Wed 30 May 2012
A couple of months back, we began to talk about one of our biggest projects here at Dumbo Feather: peace. The narrative of peace building emerged in our latest issue through the story of Liberia’s conflict, and will continue in the issues ahead. But we have bigger plans, and we want you to be part of them.
Read on for our CEO Danny’s story of the birth of this project, and then find out about a unique internship opportunity to help make this happen.
It all started with a conversation I had on the last night of a conference on social enterprise. Having been born in Israel and with half my family still living there, I am deeply connected to the place and passionate about its future, and peace. I got into a very deep discussion about peace with a filmmaker who had just completed a film on the Israel/Palestine conflict which he hoped would help bring peace to the region. He showed me and some fellow conference delegates a snippet of the film, which seemed to me to be quite one sided. I challenged him and said that it made me uncomfortable, and I couldn’t see how outsiders taking sides could really bring the two sides any closer. He responded with his view that there was one side who was more to blame. The discussion got quite heated and in the end we had to part ways disagreeing, but it helped me distil a very significant idea, once which I have been pursuing ever since. What is our role in building peace and can peace be built by taking sides?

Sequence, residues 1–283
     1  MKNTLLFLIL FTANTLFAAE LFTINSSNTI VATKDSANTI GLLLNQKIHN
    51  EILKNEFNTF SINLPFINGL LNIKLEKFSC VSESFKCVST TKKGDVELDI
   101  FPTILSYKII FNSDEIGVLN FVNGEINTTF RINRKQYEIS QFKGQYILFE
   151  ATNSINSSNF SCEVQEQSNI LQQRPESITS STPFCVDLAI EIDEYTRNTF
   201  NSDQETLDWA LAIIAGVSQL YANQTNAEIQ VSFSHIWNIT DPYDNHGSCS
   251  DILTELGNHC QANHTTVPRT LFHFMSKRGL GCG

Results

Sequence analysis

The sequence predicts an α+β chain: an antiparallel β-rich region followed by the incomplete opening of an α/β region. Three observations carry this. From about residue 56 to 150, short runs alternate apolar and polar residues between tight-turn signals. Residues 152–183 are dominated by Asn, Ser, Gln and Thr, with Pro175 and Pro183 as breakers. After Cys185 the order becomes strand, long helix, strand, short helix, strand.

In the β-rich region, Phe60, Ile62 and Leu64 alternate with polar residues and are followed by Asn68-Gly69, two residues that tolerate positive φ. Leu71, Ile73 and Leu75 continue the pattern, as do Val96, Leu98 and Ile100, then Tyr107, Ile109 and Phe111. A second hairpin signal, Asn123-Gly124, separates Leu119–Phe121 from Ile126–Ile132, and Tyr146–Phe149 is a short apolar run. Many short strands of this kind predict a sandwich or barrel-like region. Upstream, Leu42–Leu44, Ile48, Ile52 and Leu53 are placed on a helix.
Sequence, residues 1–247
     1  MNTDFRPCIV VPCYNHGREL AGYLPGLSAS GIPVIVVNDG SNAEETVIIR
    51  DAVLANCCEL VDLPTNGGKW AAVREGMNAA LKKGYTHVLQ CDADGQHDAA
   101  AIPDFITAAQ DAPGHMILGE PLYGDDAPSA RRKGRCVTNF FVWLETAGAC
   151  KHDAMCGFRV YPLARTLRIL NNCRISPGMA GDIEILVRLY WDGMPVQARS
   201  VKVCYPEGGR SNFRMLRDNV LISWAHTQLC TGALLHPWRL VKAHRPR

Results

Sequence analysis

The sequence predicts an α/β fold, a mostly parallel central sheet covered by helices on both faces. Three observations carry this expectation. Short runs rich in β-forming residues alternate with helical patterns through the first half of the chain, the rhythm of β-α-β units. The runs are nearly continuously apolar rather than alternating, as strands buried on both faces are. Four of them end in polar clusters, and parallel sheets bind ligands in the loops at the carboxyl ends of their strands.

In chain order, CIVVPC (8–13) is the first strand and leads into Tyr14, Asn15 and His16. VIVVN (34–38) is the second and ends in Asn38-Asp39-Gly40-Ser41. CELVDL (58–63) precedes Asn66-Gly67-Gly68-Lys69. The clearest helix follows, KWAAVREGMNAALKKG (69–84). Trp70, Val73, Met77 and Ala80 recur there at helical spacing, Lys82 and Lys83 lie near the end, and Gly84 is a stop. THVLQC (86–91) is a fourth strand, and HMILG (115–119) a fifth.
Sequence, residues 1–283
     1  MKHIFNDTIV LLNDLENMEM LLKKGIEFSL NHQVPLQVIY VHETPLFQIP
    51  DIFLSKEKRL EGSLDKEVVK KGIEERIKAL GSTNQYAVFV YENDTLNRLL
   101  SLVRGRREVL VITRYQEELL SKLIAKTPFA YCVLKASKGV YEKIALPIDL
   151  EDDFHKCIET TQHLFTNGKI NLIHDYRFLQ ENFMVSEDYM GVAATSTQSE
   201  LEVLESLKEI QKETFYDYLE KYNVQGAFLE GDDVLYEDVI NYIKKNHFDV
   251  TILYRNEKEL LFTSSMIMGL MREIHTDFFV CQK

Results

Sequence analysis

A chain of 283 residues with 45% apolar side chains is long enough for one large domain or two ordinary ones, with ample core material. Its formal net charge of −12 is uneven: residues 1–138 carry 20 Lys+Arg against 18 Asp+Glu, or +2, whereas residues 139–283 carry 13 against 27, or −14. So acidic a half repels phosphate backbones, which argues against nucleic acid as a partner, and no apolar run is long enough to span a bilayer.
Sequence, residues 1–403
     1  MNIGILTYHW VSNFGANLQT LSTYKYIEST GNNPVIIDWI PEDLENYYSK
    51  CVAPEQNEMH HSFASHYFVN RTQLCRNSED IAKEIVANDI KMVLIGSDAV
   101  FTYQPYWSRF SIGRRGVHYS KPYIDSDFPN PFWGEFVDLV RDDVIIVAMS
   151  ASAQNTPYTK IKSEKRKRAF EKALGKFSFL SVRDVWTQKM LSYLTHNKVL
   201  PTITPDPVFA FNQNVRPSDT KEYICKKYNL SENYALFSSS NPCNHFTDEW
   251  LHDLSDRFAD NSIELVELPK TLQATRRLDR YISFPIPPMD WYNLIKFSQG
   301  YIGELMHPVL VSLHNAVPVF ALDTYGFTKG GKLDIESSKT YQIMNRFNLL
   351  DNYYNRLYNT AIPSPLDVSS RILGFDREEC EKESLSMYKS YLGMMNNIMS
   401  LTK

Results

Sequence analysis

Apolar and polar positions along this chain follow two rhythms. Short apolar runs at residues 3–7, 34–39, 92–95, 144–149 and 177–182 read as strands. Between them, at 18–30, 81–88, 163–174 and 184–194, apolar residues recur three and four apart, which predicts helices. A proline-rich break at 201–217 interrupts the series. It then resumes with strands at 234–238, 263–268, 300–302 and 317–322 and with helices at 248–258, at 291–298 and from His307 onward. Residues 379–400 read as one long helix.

Elie Wiesel famously said “We must always take sides. Neutrality helps the oppressor, never the victim. Silence encourages the tormentor, never the tormented.” He is a survivor of the Holocaust, along with much of my own family, and he is right. We must choose between right and wrong, and stop atrocities and injustices whenever we can. But although some conflicts appear to be black and white, most are grey. And the more I learn about conflict, the more grey there seems to be. It is also remarkable how quickly you lose credibility with one side when you take the side of their enemy and I am yet to see someone mediate a peaceful resolution to a conflict by taking sides.
I propose that not taking sides doesn’t have to equal neutrality. What if the third side is actually peace? Exploring this unique third side has introduced me to some amazing organisations and people around the world who have decided that hating the enemy is not going to advance any form of reconciliation. I think that these groups haven’t got the attention they deserve. The media (and filmmakers like the one who instigated this journey for me) like to focus on the conflict and tell the story of the oppressed and the oppressor. Sadly, conflict sells. So I want to invest my energy in supporting the people and organisations who are actively working towards peace on each side, working with those who are on the other side as partners, not enemies. They are pursuing forgiveness and reconciliation, not blame and punishment. Let’s start a movement to highlight them and tell the world that there is a third side. Let’s celebrate the peace bridge builders. This is my Pass It On.
Want to be involved in our explorations on this topic? We’re looking for a very special intern. For peace! We want somebody passionate about rigorous research and global policy to join us for a day or two a week. You’ll spend your time hunting down the most inspiring and exciting peace building projects around the world, and then you’ll help us figure out how to tell their stories. Sound amazing? Great! Go here for more.